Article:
People who have experienced depression are especially vulnerable to nicotine addiction and have a particularly hard time quitting smoking, according to new research that suggests that many people use smoking as a form of "self-medication" against anxiety and pain.
The findings are considered important because of the dire health consequences of smoking and the difficulties of smoking cessation. The research suggests that for some people, it may be unrealistic to expect to quit smoking without first being treated for depression.
"This is probably the best evidence yet that certain people are more susceptible to drug addiction than others," said Dr. Alexander H. Glassman of Columbia University, an author of one of two studies to be published today in the Journal of the American Medical Association.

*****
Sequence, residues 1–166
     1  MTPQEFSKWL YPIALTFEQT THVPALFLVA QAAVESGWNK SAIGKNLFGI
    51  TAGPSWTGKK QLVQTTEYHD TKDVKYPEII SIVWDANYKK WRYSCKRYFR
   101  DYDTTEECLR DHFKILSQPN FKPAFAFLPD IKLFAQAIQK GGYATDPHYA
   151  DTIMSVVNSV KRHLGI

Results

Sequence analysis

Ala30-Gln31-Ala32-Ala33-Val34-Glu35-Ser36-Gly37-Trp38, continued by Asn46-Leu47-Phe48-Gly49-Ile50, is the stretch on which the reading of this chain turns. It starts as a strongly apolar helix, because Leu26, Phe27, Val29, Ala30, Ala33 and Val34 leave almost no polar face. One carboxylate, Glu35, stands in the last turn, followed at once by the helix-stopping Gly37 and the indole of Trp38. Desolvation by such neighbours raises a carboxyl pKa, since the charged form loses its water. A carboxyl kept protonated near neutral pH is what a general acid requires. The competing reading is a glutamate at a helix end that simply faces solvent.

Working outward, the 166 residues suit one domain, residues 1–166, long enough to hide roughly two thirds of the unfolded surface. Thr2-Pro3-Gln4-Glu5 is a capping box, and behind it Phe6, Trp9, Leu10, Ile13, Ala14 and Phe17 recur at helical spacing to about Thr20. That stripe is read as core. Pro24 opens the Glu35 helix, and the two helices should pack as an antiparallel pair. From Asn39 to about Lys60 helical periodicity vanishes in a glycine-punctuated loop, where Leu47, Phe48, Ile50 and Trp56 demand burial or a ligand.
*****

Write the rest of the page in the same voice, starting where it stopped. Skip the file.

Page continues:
The reasons for what Glassman called this "chronic and pernicious interrelationship" are not clear.
Because nicotine is a stimulant, researchers suspect that some smokers use it to fend off the anxiety and discontent of depression. Over time, those feelings may come to trigger cravings for nicotine because it has alleviated them in the past.
Similarly, the anxiety that accompanies nicotine withdrawal may be more severe among depressed ex-smokers and more likely to drive them back to cigarettes. Researchers say that some depression-prone smokers have been driven back into depression by an attempt to quit.
Another possible explanation is that some factors, such as low self-esteem, may predispose people to both depression and smoking.
Or, there may be a genetic factor that can lead to both depression and smoking, some researchers suggest.